Collection of Blood From Cancer Patients for Genetic Analysis
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|ClinicalTrials.gov Identifier: NCT01441089|
Recruitment Status : Recruiting
First Posted : September 27, 2011
Last Update Posted : May 19, 2020
- Some genes may be associated with a greater chance of side effects during cancer treatment. These genes may also make certain treatments less effective. Researchers want to collect blood or cheek swab samples from people having cancer treatment to study these genes.
- To obtain a blood or cheek swab sample to study genetic differences that may affect cancer treatment.
- Individuals with cancer who are being treated at the National Cancer Institute.
- Participants will provide a blood sample for study.
- Participants who have blood-based cancer, such as leukemia, will provide a cheek swab sample.
- If the blood or cheek swab sample does not have enough genetic material for analysis, an additional sample may be collected.
|Condition or disease|
|Prostate Cancer Breast Cancer Lung Cancer Ovarian Cancer Lymphoma|
- Genetic polymorphisms in drug-metabolizing enzymes, transporters/receptors might affect an individual s response to drug therapy.
- Inter-individual differences in efficacy and toxicity of cancer chemotherapy are especially important given the narrow therapeutic index of these drugs.
- During analysis of investigational agents, inter-individual variation in pharmacokinetics and pharmacodynamics (PK/PD) is most often noted. Genetic variation in genes encoding proteins that regulate or mediate the metabolism and transport of drugs often account for some of the wide variation seen in PK/PD, and ultimately the response to, and toxicity from, anticancer agents.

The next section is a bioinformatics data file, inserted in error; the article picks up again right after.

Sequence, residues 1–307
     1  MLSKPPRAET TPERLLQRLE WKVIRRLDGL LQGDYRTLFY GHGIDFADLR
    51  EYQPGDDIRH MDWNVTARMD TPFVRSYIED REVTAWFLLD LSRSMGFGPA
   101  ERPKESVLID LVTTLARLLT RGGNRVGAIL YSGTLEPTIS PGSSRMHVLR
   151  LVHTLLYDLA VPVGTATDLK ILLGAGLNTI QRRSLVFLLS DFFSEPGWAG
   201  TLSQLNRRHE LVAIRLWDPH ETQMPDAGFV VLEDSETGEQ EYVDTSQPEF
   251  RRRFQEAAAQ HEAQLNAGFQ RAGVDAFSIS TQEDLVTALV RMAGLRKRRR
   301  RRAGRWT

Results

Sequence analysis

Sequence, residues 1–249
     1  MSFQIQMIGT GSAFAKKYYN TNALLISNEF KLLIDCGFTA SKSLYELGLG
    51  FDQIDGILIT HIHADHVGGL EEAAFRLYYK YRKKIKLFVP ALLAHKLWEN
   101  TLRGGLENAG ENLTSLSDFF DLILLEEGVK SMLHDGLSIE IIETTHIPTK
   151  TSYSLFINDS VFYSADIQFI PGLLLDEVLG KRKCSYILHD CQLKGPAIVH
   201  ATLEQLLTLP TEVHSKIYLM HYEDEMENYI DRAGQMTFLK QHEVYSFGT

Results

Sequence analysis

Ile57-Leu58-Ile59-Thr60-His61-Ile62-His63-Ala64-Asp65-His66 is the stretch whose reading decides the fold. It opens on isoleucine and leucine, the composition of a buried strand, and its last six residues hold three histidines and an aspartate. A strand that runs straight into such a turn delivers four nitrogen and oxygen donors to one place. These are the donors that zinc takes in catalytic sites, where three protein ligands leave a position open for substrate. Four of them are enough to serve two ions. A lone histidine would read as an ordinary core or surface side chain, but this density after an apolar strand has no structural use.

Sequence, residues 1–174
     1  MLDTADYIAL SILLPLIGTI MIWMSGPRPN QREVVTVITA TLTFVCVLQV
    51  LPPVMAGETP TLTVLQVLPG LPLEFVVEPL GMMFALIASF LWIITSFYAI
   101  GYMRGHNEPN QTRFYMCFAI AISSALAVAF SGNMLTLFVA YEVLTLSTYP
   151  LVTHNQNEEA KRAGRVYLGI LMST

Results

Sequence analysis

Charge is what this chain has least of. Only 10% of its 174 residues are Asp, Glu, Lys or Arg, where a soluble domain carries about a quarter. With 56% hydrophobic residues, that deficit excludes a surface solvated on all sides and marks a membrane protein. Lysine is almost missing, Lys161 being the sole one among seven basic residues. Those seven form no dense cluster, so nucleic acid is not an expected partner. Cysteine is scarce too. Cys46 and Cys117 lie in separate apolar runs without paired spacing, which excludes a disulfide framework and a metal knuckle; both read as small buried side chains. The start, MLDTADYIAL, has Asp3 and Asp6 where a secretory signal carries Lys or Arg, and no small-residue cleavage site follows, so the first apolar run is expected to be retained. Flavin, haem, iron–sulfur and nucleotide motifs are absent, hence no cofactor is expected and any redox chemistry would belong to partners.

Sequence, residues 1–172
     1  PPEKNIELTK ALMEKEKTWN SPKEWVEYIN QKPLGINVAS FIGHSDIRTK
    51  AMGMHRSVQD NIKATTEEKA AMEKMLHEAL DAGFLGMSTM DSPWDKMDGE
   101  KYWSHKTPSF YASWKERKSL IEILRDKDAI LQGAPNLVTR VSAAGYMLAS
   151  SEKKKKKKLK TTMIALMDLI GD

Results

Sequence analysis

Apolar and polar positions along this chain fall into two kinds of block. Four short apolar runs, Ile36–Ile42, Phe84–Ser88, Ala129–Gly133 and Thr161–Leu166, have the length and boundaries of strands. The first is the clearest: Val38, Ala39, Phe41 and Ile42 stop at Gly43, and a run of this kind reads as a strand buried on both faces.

- To obtain and analyze the genomic DNA from patients with cancer on a therapeutic clinical trial.
- To prospectively explore correlations between genetic variants involved in inter-individual differences in drug disposition versus pharmacokinetics, pharmacodynamics, response, and toxicity endpoints in patients receiving anticancer agents.
- To mitigate harm due to treatment with ineffective or toxicity-inducing drugs in patients where gene-drug interactions are established.
- All individuals enrolled on IRB approved therapeutic clinical trials at the National Cancer Institute.
- Exploratory study with a planned accrual of 1,000 patients
- Genomic DNA will be extracted from blood samples collected from patients (patients with leukemia will have cheek swab samples collected) and genotyped using the Affymetrix DMET.
- In cases where patients carry genetic variants that are related to poor outcome or significant toxicity on a given drug, clinical recommendations will be provided where specific instructions are available in the package insert. This will apply to non-anticancer agents as well given that patients with cancer often receive multiple agents to manage side effects and co-morbidities.
- The association between genetic variants in DMET-covered genes will be correlated with PK/PD and clinical outcomes such as response and/or toxicity.
|Study Type :||Observational|
|Estimated Enrollment :||1000 participants|
|Official Title:||Collection of Blood From Patients With Cancer for Analysis of Genetic Differences in Drug Disposition|
|Actual Study Start Date :||May 21, 2012|
- Obtain and analyze the genomic DNA from patients with cancer on a therapeutic clinical trial. [ Time Frame: Duration of study ]
To learn more about this study, you or your doctor may contact the study research staff using the contact information provided by the sponsor.
Please refer to this study by its ClinicalTrials.gov identifier (NCT number): NCT01441089
|Contact: Julie C Barnes, R.N.||(240) email@example.com|
|Contact: William D Figg, Pharm.D.||(240) firstname.lastname@example.org|
|United States, Maryland|
|National Institutes of Health Clinical Center, 9000 Rockville Pike||Recruiting|
|Bethesda, Maryland, United States, 20892|
|Contact: For more information at the NIH Clinical Center contact National Cancer Institute Referral Office (888) NCI-1937|
|Principal Investigator:||William D Figg, Pharm.D.||National Cancer Institute (NCI)|